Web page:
“I know I can provide the support you need as I have for so many of those who have worked with me in the past.”

Tim Walker
Author, consultant, coach, and mentor
https://www.linkedin.com/in/meddevicestrategist/

Available on Amazon

Walker Announces one-on-one coaching opportunities for Medical Device Marketers

Are you new to the Medical Device Commercialization world and would like guidance on a new product launch, product messaging, strategic planning, product management, and many more elements of marketing?

Tim Walker, author of Insights: 33 Lessons Learned in Medical Device Marketing, has announced that he is providing one-on-one coaching for those professionals who are new to commercializing medical devices and would like some practical guidance.

Every great athlete in America relies on coaches who have access to processes and methods to reinforce the fundamental. Why not you?

“To excel at the highest level – or any level, really – you need to believe in yourself, and hands down, one of the biggest contributors to my self-confidence has been private coaching.”  Stephen Curry, Golden State Warriors

Stephen CurryAwards  All-NBA Team
NBA Most Valuable Player Award
2016, 2015
All-NBA Team
2019, 2018, 2017, …
NBA All-Rookie Team
2010
Best NBA Player ESPY Award
2015
NBA Community Assist Award
Best Male Athlete ESPY Award
2015
NBA Sportsmanship Award
2011
BET Award for Sportsman of the Year
2019, 2017, 2016, …
Teen Choice Award for Choice Male Athlete
2017, 2016, 2015
Assist of the Year Fan Award
2017
Southern Conference Men’s Basketball Player of the Year
2009, 2008
Best Record-Breaking Performance ESPY Award
2016
Associated Press Male Athlete of the Year
2015
Shorty Award for Best in Sports
2016

Feeling alone, a little overwhelmed, find yourself inventing work processes from scratch? Are you a top performer that suddenly finds themselves supervising others and are not sure how to go about the mentoring and coaching of your team?

Relieve some or all of the unhealthy stress and pressure you are feeling, lean on Tim’s experience, expertise, methods, and processes.

I know I can provide the support you need as I did for Lauren.

Lauren Rhodes, IMBA

Lauren Rhodes, IMBA

Medical Device Marketing/Product Manager

“Few people have the opportunity to work with and learn from a recognized industry expert like Tim Walker during their careers. I am privileged to have been personally mentored by Tim at a start-up medical device company during the launch of our flagship product last year.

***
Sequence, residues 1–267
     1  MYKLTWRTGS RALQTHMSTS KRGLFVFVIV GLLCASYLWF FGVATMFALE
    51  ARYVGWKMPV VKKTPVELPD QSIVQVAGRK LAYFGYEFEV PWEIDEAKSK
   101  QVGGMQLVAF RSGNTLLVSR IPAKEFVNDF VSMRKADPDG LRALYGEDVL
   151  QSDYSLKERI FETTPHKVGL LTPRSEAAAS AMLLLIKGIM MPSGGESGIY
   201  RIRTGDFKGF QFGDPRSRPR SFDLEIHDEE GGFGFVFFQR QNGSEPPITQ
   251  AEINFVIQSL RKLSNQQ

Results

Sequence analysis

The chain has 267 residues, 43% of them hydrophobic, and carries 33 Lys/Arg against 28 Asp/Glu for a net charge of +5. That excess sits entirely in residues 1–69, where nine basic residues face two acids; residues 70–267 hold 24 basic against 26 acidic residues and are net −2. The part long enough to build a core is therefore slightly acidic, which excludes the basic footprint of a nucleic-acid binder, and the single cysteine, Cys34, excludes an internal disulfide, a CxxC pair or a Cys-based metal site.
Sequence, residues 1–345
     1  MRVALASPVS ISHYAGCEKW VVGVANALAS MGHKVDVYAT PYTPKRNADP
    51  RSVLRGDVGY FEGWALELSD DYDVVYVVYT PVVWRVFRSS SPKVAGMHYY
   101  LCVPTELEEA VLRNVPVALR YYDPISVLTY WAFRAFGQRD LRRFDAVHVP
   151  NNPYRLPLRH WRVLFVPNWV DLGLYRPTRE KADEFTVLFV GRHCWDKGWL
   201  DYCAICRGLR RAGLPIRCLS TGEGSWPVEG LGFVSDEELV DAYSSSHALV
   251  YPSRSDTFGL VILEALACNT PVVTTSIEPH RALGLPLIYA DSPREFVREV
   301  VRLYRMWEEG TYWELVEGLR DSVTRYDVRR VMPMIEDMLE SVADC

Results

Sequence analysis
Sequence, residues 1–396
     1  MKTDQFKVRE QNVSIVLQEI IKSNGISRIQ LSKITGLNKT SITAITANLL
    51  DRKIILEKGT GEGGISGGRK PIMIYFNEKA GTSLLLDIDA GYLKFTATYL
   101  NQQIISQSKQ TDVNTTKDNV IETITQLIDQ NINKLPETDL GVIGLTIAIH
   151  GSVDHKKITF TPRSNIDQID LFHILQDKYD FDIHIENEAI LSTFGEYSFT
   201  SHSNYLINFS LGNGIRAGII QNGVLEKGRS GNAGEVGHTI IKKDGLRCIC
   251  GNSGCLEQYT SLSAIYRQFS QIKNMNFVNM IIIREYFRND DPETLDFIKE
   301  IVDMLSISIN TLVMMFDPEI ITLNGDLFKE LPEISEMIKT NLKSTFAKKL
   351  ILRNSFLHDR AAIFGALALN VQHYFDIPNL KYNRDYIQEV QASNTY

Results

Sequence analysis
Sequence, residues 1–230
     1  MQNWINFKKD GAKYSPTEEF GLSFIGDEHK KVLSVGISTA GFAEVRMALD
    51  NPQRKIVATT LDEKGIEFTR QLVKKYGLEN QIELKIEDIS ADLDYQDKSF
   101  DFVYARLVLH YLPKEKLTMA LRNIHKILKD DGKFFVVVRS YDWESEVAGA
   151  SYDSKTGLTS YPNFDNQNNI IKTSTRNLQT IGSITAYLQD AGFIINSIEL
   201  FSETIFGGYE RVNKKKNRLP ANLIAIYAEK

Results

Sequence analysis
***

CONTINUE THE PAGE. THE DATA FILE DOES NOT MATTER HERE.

Tim’s extensive knowledge and contagious passion for standout medical device marketing have been instrumental to the success of our company and to my own professional development in the medical device industry. His insights enabled us to quickly develop an effective value proposition for our customers, craft unique and consistent product messaging, and launch our product using a results-driven commercialization strategy.”

Declare your interest in living into the new challenges of your career by contacting Tim, send an email to tim@theexperiagroup.com. Limited space is available for this new service, so act now.

You don’t have to do it alone!

Tim Walker

Author, consultant, coach, and mentor

Persuasive Power derived from the Benefit Pyramid+™, in Medical Device Marketing

Set up

I saw a half dozen posts this past week that announced New Medical Devices. So this INSIGHT goes out to those product managers that produced those notices.

Was there something inherently wrong in those announcements? No. Could they have been better? Yes. Given that they were merely announcements, they weren’t necessarily intended to convey the entire message. So please take this post as an opportunity to think deeper.

So how could they have been improved?

By applying the lessons of the Benefit Pyramid. Most of the content of the announcements referred to Attributes or Features of the devices. Seen in the image below, Attributes and Features have a low impact when persuading someone to act differently. I would offer that if a message that focuses on features is successful, it is because the clinician is projecting the benefit they might derive from those features. As a product manager, being intentional about messaging you will realize that counting on a very busy clinician to project a benefit is not as strong a position as you telling them how the device will be beneficial to them.